|
|
|
Devils Lake Journal - Devils Lake, ND
  • Prosecutors in ND, SD warn about human trafficking

  • FARGO, N.D. (AP) — Top federal prosecutors from North and South Dakota have added human trafficking to their list of crimes affecting Native Americans at an increased rate in the two states.


    • email print
  • FARGO, N.D. (AP) — Top federal prosecutors from North and South Dakota have added human trafficking to their list of crimes affecting Native Americans at an increased rate in the two states.
    U.S. attorneys Brendan Johnson of South Dakota and Timothy Purdon of North Dakota said during a conference on family violence Tuesday that both states are seeing more cases of girls and young women being recruited for prostitution and drug rings.
    Three new indictments for human trafficking have been handed down in South Dakota in the last three months, Johnson said.
    "You have people who treat their victims like they're not humans," Johnson said after talking to a group that included police, social workers, prosecutors, counselors and community leaders.
    The operations are formed mainly in populated areas, but American Indian girls are particularly at risk, the prosecutors said. Some of them were recruited by a Sioux Falls-area man who was convicted last year of sex trafficking of a child.
    "These young girls were brutalized. They were humiliated," Johnson said.
    Brandon Thompson, 28, of Tea, S.D., was sentenced to life in prison on the sex trafficking charge.
    "This is one area where the federal government has gotten it right," Johnson said of the penalty.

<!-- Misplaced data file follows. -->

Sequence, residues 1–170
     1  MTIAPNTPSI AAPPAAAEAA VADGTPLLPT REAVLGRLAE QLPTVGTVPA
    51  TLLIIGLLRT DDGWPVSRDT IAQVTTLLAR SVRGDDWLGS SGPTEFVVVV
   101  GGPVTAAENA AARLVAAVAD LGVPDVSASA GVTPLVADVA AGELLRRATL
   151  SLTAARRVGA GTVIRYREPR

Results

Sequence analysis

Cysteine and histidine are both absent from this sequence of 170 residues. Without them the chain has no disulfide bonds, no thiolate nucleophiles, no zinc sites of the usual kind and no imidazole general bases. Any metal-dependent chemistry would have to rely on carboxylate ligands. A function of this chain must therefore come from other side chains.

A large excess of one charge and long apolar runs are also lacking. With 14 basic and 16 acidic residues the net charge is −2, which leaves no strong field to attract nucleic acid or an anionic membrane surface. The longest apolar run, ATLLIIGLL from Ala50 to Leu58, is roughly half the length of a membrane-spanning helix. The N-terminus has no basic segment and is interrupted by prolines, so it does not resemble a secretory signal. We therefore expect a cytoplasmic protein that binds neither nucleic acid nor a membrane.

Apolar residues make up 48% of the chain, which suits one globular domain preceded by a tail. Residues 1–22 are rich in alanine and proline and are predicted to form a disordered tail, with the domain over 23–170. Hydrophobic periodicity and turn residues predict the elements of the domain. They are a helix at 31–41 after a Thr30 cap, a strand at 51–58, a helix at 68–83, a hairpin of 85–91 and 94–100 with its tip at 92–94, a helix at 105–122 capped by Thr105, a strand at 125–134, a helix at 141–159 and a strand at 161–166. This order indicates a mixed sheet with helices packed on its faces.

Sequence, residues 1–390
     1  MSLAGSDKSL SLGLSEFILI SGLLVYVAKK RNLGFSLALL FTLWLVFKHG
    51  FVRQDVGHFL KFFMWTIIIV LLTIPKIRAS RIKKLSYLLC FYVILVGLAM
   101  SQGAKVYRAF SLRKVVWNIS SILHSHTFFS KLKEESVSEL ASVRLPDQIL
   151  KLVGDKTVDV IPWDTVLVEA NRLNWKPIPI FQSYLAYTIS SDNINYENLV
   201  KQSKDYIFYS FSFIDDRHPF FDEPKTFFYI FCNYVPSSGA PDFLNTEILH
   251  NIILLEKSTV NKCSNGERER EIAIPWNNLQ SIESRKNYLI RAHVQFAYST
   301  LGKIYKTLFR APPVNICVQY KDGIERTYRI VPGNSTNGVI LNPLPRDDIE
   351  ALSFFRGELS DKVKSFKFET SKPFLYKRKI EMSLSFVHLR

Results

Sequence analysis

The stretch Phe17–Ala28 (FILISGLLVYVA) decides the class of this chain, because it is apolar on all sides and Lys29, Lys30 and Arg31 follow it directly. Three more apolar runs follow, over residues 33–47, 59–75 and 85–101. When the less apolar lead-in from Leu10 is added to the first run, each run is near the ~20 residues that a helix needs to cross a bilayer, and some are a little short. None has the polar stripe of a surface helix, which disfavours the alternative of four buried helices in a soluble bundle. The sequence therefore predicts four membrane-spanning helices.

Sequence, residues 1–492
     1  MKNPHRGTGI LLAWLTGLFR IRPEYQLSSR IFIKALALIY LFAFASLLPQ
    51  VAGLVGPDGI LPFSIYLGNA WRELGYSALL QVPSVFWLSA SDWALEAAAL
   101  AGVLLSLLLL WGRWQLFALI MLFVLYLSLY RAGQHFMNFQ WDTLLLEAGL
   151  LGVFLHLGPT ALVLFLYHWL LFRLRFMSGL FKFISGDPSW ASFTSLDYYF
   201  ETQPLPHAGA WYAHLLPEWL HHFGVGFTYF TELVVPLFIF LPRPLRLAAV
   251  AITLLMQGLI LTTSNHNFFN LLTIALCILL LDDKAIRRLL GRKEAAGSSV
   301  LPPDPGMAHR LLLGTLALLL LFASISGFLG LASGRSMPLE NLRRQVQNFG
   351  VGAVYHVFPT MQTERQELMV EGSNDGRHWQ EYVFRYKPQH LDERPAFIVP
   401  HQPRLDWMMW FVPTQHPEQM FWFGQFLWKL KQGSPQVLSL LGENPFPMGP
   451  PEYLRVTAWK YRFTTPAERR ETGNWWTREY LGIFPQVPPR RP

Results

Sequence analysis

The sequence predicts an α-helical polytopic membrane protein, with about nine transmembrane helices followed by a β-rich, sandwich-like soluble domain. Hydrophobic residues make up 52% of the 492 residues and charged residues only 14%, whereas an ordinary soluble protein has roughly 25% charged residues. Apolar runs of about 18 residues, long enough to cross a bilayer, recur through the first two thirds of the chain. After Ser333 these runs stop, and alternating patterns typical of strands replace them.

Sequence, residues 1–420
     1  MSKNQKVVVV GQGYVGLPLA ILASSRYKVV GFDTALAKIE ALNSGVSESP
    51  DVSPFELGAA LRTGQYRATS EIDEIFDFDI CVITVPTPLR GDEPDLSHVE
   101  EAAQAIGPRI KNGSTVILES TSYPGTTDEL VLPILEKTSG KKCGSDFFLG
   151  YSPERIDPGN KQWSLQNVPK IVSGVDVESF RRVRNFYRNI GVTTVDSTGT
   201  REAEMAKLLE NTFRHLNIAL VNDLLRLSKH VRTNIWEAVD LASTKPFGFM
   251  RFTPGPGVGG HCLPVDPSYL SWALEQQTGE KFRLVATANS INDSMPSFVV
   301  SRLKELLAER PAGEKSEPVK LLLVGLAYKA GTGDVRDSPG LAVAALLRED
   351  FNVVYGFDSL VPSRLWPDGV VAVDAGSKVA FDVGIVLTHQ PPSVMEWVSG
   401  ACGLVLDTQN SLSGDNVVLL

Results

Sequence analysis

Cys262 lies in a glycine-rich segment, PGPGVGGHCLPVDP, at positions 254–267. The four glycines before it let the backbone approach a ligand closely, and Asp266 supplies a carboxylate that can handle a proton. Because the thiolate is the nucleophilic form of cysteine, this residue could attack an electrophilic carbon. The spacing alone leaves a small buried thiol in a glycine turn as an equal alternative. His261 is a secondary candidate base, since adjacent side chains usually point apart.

A recent sex trafficking case in North Dakota involved several victims from the Fort Berthold Reservation. Dustin Morsette, 22, of New Town, was convicted of sex trafficking, sexual abuse, drug trafficking and witness tampering. He is awaiting sentencing.
    Authorities said Morsette recruited minors and young adults to be part of a gang he described as the Black Disciples. He allegedly forced gang members to distribute marijuana for him and engage in sex acts with him.
    One of the investigators in that case, Bureau of Indian Affairs agent Mike White, said the increase in oil workers has added to worries about sex trafficking. But he said recent convictions on human trafficking and other violent crime has made victims and others more willing to help law enforcement.
    "I have hope. I've seen it already," White said in an interview Tuesday. "Once they know people are being prosecuted, they are coming forward."
    Purdon, the U.S. attorney from North Dakota, said the campaign against violent crime on the reservation is a long process. He noted that an American Indian woman born in the United States has a 1-in-3 chance of being sexually assaulted in her lifetime.
    "Improving public safety in Indian country is not something you are going to knock out in two years," he said. "If we can sustain this for a period of years, I am hopeful, I am confident, we can impact some of these statistics we find to be unacceptable."
      • calendar